MB: I think a lot of people assume that the ‘independent’ or ‘alternative’ scenes are completely free of this stuff, like some kind of safe haven next to mainstream culture, but it’s totally disappointing how many people still casually use “gay” as a negative term, or say something ‘ironically’ racist. The whole lad culture thing is still scarily prevalent, but at least in the scenes that we move in there are good people at the heart of it trying to make positive changes, which is more than can be said for a lot of places.
Morrissey has banned venues selling any meat products at his shows, as a vegan yourself, is this something that you’d object to if it was to ever occurred?
MB: Everyone in the band is either vegetarian or vegan, so it’s a point of view we’re all in agreement on. I can only speak for myself, but I hate that preachy attitude of going out of your way to try and make other people feel terrible about their life choices. It’s my choice to not eat meat, but I’m not going to guilt trip others that do. I don’t appreciate being given stick for not eating meat, so I’d never hassle anyone that does. Fortunately we’re not in the position where we play venues big enough to sell food, so it hasn’t been an issue up to this point. I think the closest we’ve come is having to tell our US booking agent that we couldn’t play in a venue that doubled up as a hot dog restaurant, the smell would be a bit rank.
Recently you used Twitter to express your views on people acting differently to others at gigs, saying it should be a comfortable environment, does this mean that you don’t get offended if somebody stands motionless at the front row of your gig? I remember seeing a band at a festival single out a guy for doing so, it seemed unreasonable to me.
MB: We’re used to it; the people that come to watch us are largely motionless. I don’t know whether that’s a reflection on our music or the kind of audience we draw. It’s been far more shocking the couple of times we’ve played festivals and there’s been a crowdsurfer or two. We’re not going to do an At The Drive-In and refuse to play unless everyone stands perfectly still, but at the same time people need to be aware of their surroundings and the fact that their behaviour could potentially make others feel unsafe and uncomfortable. I’d hate for someone to have to leave one of our shows because of the anti-social behaviour of someone else in the crowd. Have fun, but don’t be a cunt. In an ideal world our shows would be completely inclusive and safe, we always try our best to think about age restrictions and wheelchair access when we book venues, but as with everything it’s not always possible and is sometimes out of our hands.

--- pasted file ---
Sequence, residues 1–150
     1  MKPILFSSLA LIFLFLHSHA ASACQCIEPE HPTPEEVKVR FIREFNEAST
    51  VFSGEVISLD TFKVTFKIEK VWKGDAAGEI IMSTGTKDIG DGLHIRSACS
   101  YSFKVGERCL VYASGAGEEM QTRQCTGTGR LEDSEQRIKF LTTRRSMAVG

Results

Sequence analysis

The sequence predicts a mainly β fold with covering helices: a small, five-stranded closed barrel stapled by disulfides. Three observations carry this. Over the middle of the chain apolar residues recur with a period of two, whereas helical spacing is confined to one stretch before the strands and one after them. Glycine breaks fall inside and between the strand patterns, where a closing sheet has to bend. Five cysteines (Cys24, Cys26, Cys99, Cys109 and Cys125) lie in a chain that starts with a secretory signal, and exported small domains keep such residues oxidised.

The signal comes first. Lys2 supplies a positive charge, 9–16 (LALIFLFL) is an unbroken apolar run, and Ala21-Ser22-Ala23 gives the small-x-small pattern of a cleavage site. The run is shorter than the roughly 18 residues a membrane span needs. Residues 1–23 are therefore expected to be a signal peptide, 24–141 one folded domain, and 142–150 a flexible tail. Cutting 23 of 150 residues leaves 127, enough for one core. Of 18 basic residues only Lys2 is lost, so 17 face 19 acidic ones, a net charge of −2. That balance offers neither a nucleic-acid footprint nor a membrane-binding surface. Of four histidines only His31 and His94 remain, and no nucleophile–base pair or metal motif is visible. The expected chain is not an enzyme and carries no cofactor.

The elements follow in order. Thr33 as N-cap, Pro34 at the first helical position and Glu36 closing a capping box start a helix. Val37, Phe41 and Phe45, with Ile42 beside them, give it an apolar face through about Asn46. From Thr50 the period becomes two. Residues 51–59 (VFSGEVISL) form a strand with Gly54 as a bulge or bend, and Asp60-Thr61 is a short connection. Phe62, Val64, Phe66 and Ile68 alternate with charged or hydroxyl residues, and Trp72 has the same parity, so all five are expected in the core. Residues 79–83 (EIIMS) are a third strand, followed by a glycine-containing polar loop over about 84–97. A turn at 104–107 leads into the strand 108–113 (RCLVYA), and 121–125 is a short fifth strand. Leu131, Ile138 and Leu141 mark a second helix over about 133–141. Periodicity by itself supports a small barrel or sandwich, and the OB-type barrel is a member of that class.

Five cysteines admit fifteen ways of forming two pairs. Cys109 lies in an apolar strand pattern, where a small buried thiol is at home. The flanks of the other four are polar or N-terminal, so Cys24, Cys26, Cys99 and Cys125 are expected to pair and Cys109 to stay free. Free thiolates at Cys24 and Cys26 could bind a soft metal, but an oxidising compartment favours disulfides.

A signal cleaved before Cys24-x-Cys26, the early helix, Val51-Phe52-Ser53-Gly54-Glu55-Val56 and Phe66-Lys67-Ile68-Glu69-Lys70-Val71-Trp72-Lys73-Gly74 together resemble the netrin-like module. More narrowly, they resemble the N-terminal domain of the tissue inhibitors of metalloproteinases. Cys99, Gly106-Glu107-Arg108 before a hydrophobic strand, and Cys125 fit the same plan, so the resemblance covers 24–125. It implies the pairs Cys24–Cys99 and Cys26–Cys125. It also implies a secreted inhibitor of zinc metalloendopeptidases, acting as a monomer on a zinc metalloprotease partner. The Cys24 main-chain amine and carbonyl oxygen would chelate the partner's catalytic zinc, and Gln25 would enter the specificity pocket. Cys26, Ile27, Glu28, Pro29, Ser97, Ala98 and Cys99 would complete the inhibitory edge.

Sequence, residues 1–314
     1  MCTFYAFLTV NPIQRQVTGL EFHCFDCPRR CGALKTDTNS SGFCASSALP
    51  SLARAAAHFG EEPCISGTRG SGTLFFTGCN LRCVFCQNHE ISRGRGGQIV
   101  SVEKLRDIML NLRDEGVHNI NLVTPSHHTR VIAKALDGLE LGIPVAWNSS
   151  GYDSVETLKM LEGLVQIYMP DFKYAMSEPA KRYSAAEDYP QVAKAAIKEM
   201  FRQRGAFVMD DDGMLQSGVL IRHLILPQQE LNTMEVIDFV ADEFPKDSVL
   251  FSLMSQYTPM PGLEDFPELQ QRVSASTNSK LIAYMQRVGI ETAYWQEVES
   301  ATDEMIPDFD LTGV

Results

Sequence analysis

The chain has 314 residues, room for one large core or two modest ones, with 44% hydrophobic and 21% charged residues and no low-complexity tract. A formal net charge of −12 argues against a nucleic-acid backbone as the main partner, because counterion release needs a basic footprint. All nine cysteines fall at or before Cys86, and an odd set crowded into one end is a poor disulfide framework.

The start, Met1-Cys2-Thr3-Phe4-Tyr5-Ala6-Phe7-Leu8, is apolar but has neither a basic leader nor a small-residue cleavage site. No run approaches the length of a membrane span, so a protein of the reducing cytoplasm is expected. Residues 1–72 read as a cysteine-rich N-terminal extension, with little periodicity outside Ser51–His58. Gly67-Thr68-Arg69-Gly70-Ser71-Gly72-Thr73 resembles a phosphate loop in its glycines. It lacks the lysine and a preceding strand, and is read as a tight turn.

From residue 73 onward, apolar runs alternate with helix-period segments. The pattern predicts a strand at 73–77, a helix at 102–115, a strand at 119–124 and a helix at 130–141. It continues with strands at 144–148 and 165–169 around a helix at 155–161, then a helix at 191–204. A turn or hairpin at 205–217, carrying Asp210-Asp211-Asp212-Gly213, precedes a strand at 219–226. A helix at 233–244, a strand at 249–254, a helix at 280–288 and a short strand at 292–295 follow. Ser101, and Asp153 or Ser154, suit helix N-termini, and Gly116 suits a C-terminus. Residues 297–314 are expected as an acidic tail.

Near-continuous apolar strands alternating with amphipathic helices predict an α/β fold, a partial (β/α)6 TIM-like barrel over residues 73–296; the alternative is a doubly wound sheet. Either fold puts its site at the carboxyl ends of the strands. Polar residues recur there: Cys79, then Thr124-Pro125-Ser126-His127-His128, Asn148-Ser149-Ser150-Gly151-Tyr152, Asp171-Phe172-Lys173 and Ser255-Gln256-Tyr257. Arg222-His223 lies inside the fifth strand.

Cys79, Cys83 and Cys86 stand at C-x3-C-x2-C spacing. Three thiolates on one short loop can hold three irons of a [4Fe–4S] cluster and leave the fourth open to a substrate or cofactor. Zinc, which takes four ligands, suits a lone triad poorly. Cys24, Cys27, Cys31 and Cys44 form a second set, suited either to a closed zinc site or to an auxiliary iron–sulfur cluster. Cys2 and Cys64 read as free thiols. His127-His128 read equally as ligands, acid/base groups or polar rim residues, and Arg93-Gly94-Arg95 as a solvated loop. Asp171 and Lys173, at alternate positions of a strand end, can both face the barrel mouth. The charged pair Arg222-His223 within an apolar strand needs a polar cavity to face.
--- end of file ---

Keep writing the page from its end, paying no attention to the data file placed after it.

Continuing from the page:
MJ, You work as a producer, and you’ve worked with a whole bunch of bands and helped them to get their first couple of tracks sounding great – is there anybody we should be keeping an eye on this year?
MJ: Thank you! I just finished new LPs by Joanna Gruesome, TRAAMS and Spook School, all of which are amazing step ups from great debut albums. I’m a big fan of a band called Pinact from Glasgow who I recorded an album with at the end of last year; they remind me of The Thermals a lot. My favourite ‘new’ bands from Leeds are Autobodies and Commiserations. Also Ellis from Trust Fund just moved here, does that make them a Leeds band now? He’s one of the best songwriters in the country at the moment.
Huge thanks to MJ and MB for talking to us, and Sam from Domino for helping to set up the interview.